The German media and telecommunications industry is going through a period of unprecedented upheaval. The mobile internet is growing in importance and social networks are catching on across large sections of the population. Companies are having to adapt their business models if they do not want to miss the boat. Werner Ballhaus, Partner and Industry Leader Technology, Media and Telecommunications at PwC, explains where the opportunities are to be found.
Ballhaus: Overall, we are optimistic in this respect. The readiness to pay for digital contents is increasing, especially if users can see an added value in comparison to free sources. This becomes evident in the supply of high-quality information, multimedia applications or a special operating concept. It is not a coincidence that we are seeing a shift away from the previously common “free-of-charge” mentality, particularly among the users of mobile data services. This is due above all to the “app” user culture. In coming years, however, new payment models for media contents will also establish themselves for non-mobile applications.
Ballhaus: We continue to see increasing digitalization and media convergence as the main developments in the media market. The strict separation of different media products and services will start to crumble. Television broadcasters will also offer online applications with text elements whilst newspapers and magazines will also provide their contents online with moving image formats. In this respect, there will be an ever-increasing merger of media. At the same time, we are seeing a convergence of devices. Today, consumers can do everything using modern tablets and smartphones: watch TV, read the paper, listen to the radio, read books and write emails. These possibilities are having a sustained changing effect on media usage and the industry has to react to this upheaval.
Ballhaus: A lot of business models that were successful in the past will no longer function in the future and in most market sectors it is now recognized that the current changes have to be seen as part of a larger structural change. Many companies are having to combat a massive migration of advertising expenditure to the Internet. For this reason, newspapers and magazines need a high-quality Internet presence in order to compensate at least partly for falling advertising revenue in the print sector and not lose contact with readers. All media companies will have to command a multiplatform strategy – accessible to users wherever they are and presenting the contents in such a way that they can be called up with any device. This represents real added-value. Nevertheless, we are still in the middle of an experimental phase. Companies need to react fast now, but may have to make adjustments to their course at a later date.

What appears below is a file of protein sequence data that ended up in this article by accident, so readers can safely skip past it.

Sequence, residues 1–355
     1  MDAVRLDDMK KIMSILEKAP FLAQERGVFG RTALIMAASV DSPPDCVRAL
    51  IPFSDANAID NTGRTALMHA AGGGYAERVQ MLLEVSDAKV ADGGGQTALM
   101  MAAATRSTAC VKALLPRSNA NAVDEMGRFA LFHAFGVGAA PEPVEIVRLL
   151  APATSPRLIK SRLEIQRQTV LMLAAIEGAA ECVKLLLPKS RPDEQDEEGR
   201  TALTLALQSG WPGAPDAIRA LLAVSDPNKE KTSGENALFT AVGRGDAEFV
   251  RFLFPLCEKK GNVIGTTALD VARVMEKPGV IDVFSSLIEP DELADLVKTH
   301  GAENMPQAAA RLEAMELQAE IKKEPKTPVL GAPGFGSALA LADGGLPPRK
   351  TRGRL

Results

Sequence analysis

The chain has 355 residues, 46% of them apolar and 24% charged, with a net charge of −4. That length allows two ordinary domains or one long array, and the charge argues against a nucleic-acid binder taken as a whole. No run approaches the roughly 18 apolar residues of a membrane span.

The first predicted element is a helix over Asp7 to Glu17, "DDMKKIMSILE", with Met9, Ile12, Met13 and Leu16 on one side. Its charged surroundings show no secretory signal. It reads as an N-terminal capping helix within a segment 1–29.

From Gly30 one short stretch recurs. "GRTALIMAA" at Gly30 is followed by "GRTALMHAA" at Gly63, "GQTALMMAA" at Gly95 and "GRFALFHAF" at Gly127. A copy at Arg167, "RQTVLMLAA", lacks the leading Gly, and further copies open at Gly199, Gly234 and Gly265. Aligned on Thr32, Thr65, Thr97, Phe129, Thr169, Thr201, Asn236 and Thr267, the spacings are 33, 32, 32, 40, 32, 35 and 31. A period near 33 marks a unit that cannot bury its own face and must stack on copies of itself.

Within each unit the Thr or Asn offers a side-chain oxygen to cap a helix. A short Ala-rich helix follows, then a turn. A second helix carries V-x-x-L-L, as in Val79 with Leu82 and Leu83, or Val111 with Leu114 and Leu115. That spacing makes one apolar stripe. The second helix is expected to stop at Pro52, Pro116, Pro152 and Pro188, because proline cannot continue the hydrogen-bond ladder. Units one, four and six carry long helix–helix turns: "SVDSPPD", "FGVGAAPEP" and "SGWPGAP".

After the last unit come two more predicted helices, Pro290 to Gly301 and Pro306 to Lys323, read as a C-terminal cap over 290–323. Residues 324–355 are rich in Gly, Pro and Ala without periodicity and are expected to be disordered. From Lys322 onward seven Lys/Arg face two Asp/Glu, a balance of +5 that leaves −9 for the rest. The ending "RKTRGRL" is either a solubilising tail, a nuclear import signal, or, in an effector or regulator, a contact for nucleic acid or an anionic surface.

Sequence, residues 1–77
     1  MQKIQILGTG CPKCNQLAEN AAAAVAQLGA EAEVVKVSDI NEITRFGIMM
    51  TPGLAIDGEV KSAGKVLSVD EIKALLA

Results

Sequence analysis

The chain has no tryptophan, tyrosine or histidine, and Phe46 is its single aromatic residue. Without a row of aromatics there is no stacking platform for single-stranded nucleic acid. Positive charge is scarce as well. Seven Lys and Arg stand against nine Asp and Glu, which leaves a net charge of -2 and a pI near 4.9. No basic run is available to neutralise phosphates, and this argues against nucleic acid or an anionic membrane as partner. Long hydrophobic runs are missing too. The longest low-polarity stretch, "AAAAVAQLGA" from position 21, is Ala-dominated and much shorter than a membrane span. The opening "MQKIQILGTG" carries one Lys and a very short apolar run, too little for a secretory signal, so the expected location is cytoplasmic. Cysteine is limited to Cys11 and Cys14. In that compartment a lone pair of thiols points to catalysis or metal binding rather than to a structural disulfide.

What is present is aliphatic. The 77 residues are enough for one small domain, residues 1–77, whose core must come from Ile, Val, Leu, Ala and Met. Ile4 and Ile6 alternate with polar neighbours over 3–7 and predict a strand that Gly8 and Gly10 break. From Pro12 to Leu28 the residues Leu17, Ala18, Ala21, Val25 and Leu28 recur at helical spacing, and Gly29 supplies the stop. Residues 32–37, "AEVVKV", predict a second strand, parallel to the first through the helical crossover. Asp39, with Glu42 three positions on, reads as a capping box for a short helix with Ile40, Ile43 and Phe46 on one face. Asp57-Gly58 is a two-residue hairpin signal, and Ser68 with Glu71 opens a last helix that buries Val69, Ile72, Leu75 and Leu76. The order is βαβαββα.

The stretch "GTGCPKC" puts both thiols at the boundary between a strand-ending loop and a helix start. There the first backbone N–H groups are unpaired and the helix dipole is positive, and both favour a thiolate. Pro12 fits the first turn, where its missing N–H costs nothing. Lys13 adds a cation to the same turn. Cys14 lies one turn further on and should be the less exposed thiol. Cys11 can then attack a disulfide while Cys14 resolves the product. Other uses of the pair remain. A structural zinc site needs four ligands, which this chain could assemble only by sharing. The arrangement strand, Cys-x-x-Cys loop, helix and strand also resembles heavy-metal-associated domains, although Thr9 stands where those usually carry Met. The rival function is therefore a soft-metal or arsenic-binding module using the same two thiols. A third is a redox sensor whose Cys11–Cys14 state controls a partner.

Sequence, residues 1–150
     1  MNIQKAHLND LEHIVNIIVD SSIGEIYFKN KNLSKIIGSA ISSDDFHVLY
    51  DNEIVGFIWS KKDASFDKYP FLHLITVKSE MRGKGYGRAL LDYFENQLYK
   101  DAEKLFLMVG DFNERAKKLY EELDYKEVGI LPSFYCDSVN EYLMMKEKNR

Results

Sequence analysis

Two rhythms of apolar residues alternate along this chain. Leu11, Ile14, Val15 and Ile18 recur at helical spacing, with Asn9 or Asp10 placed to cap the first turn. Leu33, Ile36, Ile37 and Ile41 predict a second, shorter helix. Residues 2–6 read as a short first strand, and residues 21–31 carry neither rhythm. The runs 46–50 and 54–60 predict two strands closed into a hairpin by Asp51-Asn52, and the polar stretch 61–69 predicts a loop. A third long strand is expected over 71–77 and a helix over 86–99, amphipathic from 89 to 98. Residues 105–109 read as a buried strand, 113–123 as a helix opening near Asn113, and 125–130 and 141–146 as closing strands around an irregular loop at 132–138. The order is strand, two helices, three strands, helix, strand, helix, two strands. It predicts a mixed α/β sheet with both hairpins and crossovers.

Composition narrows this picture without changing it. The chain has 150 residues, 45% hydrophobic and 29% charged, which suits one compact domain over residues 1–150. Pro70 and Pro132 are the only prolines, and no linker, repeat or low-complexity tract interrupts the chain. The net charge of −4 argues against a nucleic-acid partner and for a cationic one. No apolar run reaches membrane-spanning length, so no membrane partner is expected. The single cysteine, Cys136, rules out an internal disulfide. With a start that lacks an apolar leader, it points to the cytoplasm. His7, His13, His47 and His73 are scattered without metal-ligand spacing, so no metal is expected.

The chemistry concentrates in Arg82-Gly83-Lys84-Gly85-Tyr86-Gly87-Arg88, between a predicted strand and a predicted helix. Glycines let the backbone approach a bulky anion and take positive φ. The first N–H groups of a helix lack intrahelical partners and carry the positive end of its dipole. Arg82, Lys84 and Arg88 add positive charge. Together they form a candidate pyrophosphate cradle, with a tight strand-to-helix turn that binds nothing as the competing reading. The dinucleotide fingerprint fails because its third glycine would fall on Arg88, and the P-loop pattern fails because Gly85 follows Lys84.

Ballhaus: Fundamentally, the Internet offers numerous new opportunities for sales and revenue possibilities – for all types of media. At the same time, however, sources of income outside of the core business will have to be developed. Merchandising and events, for example, have long since been used successfully in the music industry in order to compensate for the decline in classical music sales. And cooperations are also called for. Not just between individual media companies and types, but also across different sectors of industry, for example with companies from the telecommunications and technology sectors. Tomorrow’s customers will demand all-in-solutions: all contents in one device, simple and intuitive. Packages consisting of mobile data, media subscription and subsidized hardware could be one solution. Companies could obtain the necessary know-how through cooperations. Takeovers, however, are also a possibility for companies to expand their own range of product and services.
Ballhaus: In Germany, we expect social media to continue playing a significant role in the coming years. Social networks are used in Germany by a wide area of consumers and are now part of everyday life: whether for job-seeking, purchase decisions or dating. This opens up completely new distribution as well as marketing opportunities for media companies. Here, for example, companies can advertise their products and services personally and test pilot products. Opening up to the online community calls for a lot of courage but can also offer a great deal of opportunities if handled professionally.
Ballhaus: Regional daily newspapers enjoy a great deal of popularity in Germany. The diversity is very large in comparison to other countries. The fact is that circulation figures are falling and daily newspapers are suffering most from the migration of advertising expenditure to the Internet. Above all, it is the market for classified and job advertisements that is shrinking. For this reason, regional newspapers will have to focus more on their regional competence in the future. They will have to see themselves as local service providers who offer their customers not only news but also service information – and who have reader loyalty as their utmost priority.
Ballhaus: We are constantly analysing trends and future developments of the TMT sector so that we can offer our clients optimum solutions at an early date. As an example, the German Entertainment and Media Outlook which is published on an annual basis provides a foretaste of our industrial expertise. On the basis of this knowledge, we generate the special know-how, products and services in order to pinpoint potential problems and risks to our clients at an early stage and offer them appropriate solutions. Of particular importance in this respect is that our clients are constantly supported by industry experts with in-depth knowledge of the sector, its trends and developments – irrespective of whether we are actively involved as consultants, as part of auditing, national or international tax consulting, transaction support or any other topics.